Sometimes there’s something perversely good about being inconvenienced. That’s an old thought to have, or anyway a thought sometimes had by old people, complaining about some irritating feature of the modern world which is delighted in by the young. But maybe it’s made fresh by new facts about our digital lives. I recently bumped into an article again by Steve Almond (“The Trouble with Easy Listening”) — it affected me the first time I read it, and it bothers me still. He describes the act of searching through stacks of albums to find what he wanted to hear, setting up the record on a record player, and then listening to it — deliberately sitting there, absorbed, just listening. It’s an experience most of us will now never have. As he puts it:
“I really miss the fact that listening to music used to be a concerted sonic and emotional event, rather than the backing track to some flashing screen. It was more inconvenient, to be sure. But for me, this inconvenience was part of the whole point.”
While inconvenience can enhance our experience of the world, not every inconvenience will do it. An hour struggling up a hillside can enhance one’s experience of the view. Spending an hour inconvenienced by traffic for the same view doesn’t make the view any better. The struggle through the means sometimes, somehow makes the end feel deserved. But it’s an illusion, isn’t it? You don’t deserve to listen to a record or read a book because you had some trouble finding it, do you?
You can make a start on thinking about this with a hand up from Locke. As he puts it:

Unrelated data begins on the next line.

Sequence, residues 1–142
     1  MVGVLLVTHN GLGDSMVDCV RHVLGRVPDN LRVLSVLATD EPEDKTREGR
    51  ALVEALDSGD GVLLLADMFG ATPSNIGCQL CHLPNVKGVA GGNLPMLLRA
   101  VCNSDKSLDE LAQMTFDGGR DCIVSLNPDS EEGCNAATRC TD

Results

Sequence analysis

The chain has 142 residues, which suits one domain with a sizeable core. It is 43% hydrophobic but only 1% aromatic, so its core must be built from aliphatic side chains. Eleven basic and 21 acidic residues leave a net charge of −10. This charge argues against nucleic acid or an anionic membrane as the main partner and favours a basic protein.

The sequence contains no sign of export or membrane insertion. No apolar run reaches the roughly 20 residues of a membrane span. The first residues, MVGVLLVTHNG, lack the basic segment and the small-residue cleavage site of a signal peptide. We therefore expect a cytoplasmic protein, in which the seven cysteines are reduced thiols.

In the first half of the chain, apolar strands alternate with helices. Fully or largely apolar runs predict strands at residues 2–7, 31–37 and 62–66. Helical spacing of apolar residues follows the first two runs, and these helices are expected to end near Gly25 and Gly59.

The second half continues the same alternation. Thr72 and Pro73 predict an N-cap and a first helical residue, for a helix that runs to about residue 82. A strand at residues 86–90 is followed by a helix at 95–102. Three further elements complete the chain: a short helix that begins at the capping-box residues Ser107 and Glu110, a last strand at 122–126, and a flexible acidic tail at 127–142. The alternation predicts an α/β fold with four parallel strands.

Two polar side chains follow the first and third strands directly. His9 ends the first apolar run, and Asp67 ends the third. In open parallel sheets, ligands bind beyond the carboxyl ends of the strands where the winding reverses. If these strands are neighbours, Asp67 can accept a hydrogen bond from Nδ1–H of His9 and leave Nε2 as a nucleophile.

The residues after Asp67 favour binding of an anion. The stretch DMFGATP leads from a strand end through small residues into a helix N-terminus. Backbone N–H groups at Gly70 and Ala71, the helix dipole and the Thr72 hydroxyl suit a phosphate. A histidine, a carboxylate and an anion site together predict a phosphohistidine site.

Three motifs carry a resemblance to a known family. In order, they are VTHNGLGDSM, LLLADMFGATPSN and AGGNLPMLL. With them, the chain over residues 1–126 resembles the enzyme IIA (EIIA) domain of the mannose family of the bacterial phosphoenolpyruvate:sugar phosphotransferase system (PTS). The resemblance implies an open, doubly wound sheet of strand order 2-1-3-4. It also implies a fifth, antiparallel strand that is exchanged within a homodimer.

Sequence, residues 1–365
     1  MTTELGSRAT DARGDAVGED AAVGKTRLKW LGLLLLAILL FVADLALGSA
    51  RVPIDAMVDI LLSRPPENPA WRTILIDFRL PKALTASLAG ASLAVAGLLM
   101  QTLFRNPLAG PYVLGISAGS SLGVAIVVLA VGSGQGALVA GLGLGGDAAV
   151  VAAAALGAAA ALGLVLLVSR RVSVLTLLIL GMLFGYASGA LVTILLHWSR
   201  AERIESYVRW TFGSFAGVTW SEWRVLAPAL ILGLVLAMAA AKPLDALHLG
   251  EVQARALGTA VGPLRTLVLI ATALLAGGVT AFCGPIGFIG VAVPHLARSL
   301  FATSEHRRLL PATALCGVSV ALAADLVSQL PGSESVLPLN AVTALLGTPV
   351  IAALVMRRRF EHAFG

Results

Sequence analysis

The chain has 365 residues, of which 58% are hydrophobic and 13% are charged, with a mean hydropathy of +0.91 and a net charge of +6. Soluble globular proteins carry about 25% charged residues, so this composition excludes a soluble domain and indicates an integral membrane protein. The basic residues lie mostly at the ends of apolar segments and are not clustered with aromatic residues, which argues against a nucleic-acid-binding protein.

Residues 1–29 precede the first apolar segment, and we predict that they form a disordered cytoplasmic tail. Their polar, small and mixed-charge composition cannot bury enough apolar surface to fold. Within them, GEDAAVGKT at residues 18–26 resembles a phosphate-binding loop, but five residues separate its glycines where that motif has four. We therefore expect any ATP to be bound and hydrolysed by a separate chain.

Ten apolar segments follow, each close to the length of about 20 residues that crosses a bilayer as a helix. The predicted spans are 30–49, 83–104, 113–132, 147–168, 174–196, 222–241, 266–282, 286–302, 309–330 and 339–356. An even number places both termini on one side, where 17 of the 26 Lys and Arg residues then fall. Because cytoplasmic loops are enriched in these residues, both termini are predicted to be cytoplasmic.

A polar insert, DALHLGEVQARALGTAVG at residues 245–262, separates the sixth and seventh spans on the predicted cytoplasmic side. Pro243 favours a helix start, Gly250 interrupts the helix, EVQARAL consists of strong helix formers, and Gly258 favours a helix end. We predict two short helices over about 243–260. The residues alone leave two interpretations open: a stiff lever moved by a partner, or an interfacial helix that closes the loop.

“Whatsoever then he removes out of the State that Nature hath provided, and left it in, he hath mixed his Labour with, and joyned to it something that is his own, and thereby makes it his Property.” I don’t believe a word of that when it comes to understanding property, but I do think Locke knows human nature. When you struggle, when you mix your labour with nature, you join something of yourself with something in the world. That’s part of what makes it feel like it’s yours, like you earned it, like it matters. As we get better at effortlessly putting information at our fingertips, we lose a little of the feeling that information is earned, that it’s ours, that it matters. The facts we encounter so easily online feel cheaper than they did when we had to struggle to find them in a pre-digital age of information poverty. It’s hard not to wonder if this is part of the reason we’re in a post-truth world, where facts matter less to us than they should.